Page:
Gentile thought of this as individualistic, overly focused on human liberty and personal rights.  He thought of this, not as unalienable rights, but as socially selfish.  The other form, according to Gentile, was “true Democracy,” which occurs when individuals willingly subordinate themselves to the will of the state.

In a manner similar to Karl Marx, Gentile argued for a society that was formed much like a family, a condition in which all of us faced life’s challenges “together.”  We have witnessed this peculiar view in the statements, platforms, and policies of the Democratic Party.

In 1984, Governor Mario Cuomo argued that America is much like an extended family, where, through the government, people take care of each other.  Thirty years later, in 2012, Democrats argued that “government is the only thing we all belong to.”

Giovanni Gentile was a man of leftist politics.  He was a committed socialist, and in his mind, fascism was a form of socialism —and, indeed, the only workable form.  Whereas Marx sought to organize people based on class, Gentile wanted to arrange society based on class and national identity.  In other words, Gentile believed that fascists were socialists with a national identity; it distinguishes them from others, with similar beliefs, from other countries.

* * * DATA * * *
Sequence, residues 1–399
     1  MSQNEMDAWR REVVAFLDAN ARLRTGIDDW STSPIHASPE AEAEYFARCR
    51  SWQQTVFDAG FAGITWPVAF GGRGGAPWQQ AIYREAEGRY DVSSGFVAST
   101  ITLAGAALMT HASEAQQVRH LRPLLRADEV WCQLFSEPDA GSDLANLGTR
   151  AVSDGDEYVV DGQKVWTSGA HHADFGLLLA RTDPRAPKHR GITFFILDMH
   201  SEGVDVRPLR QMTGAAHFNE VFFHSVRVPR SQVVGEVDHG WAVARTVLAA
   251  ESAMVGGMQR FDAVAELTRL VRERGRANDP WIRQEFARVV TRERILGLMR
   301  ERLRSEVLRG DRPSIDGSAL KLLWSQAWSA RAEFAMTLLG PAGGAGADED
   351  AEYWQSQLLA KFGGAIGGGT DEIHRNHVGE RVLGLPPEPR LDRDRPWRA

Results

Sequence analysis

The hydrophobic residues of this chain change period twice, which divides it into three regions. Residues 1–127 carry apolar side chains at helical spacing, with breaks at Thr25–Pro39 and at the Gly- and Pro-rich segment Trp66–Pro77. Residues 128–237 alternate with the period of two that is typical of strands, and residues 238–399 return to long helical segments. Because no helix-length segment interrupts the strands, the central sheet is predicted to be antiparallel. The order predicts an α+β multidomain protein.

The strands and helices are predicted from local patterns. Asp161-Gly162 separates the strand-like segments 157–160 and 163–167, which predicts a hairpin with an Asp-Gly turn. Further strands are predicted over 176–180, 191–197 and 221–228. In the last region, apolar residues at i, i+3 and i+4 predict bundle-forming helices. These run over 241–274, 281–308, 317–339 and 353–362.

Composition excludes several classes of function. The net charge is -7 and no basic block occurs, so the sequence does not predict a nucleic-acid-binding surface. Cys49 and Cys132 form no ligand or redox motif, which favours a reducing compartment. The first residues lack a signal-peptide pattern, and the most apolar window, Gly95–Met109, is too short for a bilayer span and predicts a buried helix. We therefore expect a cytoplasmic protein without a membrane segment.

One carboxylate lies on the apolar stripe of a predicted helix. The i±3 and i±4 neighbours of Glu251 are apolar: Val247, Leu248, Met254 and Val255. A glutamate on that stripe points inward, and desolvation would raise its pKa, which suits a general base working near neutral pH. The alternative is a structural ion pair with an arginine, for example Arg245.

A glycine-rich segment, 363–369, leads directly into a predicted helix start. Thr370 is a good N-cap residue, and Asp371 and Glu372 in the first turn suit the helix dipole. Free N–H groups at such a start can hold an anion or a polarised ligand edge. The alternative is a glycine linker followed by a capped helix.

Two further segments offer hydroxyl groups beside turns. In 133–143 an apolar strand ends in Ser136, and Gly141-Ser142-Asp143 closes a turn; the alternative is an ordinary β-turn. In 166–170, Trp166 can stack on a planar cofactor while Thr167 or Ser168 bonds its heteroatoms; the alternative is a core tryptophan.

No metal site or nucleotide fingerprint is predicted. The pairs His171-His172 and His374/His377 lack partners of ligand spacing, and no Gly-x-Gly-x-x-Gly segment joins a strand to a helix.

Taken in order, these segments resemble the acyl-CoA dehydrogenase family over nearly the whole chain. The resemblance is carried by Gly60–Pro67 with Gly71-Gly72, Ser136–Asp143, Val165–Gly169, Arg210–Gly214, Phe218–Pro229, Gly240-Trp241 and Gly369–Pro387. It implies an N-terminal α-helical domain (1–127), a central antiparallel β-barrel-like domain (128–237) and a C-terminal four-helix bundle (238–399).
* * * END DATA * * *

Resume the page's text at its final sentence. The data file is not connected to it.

One may recall that the Nazis of Germany were “National Socialists.”  Gentile believed that all society should be organized to serve the public interests.  There was no room for private interests.  The administrative arm of society was, in Gentile’s view, the state.  To submit to the will of society was to acquiesce to the will of the state —not just in economic issues, but in all matters affecting society.  And, since everything in society is political, the people must empower the state to tell everyone how to think, and what to do.